Author Archives: Charley Eiseman

About Charley Eiseman

I am a freelance naturalist, endlessly fascinated by the interconnections of all the living and nonliving things around me. I am the lead author of Tracks & Sign of Insects and Other Invertebrates (Stackpole Books, 2010), and continue to collect photographs and information on this subject. These days I am especially drawn to galls, leaf mines, and other plant-insect interactions.

Life in a Monkeyflower Stem

I’m slowly making my way through all the photos I took this year, and I just finished August 6. That was the day of Julia’s family’s annual BioBlitz at Deep Woods Farm, their land in southeastern Ohio. A funny thing happened … Continue reading

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Acorn Weevils

It’s another mast year for red oak (Quercus rubra) in my neck of the woods, which means that for the past couple of weeks, large nuts have been raining down from the treetops, making it a little treacherous to go for … Continue reading

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Mailbag

People regularly send me photos of mystery objects and other bug-related phenomena to see if I recognize them. Often I’m able to respond with a precise (or approximate) identification, and that’s the end of it. Other times I’m intrigued by the … Continue reading

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A Hidden Masterpiece

Last December, Jennifer Kleinrichert sent me this photo of a polka-dotted larva (prepupa) surrounded by an elaborate silken structure, wondering if I knew what it was: My response: I’m afraid I don’t know this one… I’ve seen a photo of something similar … Continue reading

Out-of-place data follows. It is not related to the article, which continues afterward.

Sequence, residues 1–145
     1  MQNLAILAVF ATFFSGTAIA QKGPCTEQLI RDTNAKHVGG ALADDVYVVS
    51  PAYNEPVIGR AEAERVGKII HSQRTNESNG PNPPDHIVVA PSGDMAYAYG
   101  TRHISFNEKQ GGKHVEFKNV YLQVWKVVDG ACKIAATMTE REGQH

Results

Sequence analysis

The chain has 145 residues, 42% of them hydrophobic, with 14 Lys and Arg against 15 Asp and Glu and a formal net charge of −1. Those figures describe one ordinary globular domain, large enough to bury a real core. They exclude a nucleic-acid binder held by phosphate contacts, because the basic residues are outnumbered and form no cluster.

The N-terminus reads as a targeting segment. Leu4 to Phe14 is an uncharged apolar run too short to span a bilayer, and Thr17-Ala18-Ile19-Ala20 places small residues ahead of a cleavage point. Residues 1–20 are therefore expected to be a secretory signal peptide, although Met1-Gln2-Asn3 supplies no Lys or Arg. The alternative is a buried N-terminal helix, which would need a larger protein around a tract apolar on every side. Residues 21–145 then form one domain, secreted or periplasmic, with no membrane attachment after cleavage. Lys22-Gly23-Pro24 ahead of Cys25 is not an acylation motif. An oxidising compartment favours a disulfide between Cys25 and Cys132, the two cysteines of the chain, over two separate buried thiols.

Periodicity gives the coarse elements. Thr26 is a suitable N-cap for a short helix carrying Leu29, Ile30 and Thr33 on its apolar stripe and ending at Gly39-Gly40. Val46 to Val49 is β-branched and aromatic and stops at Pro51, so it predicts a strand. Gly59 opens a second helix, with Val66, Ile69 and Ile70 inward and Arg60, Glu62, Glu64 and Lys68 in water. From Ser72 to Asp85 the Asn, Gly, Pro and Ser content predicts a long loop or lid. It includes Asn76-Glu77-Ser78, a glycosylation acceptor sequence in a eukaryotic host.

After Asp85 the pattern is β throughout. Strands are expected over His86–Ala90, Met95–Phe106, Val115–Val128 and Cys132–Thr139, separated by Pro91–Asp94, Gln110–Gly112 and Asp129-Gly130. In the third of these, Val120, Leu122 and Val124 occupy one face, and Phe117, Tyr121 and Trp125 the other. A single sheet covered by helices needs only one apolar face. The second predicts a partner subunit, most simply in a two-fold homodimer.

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Bean Borer

Last August, Julia noticed a few holes in some string beans in the garden. One of holes had droppings pouring out of it, and we could see someone fuzzy inside. I opened this tunnel up for a better look at … Continue reading

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Birch Munchers, Large and Small

The woods behind our house were logged not long before we moved here, and as a result there are lots of black birch (Betula lenta) saplings around. Yesterday on my morning walk I spotted this amazing caterpillar eagerly devouring the … Continue reading

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Adapting to New Menu Options, Part 2

One of the reasons certain nonnative plants come to dominate the landscape is that they are released from the specialized insects and pathogens that keep them in check in their native range. So I’m always interested to see what insects … Continue reading

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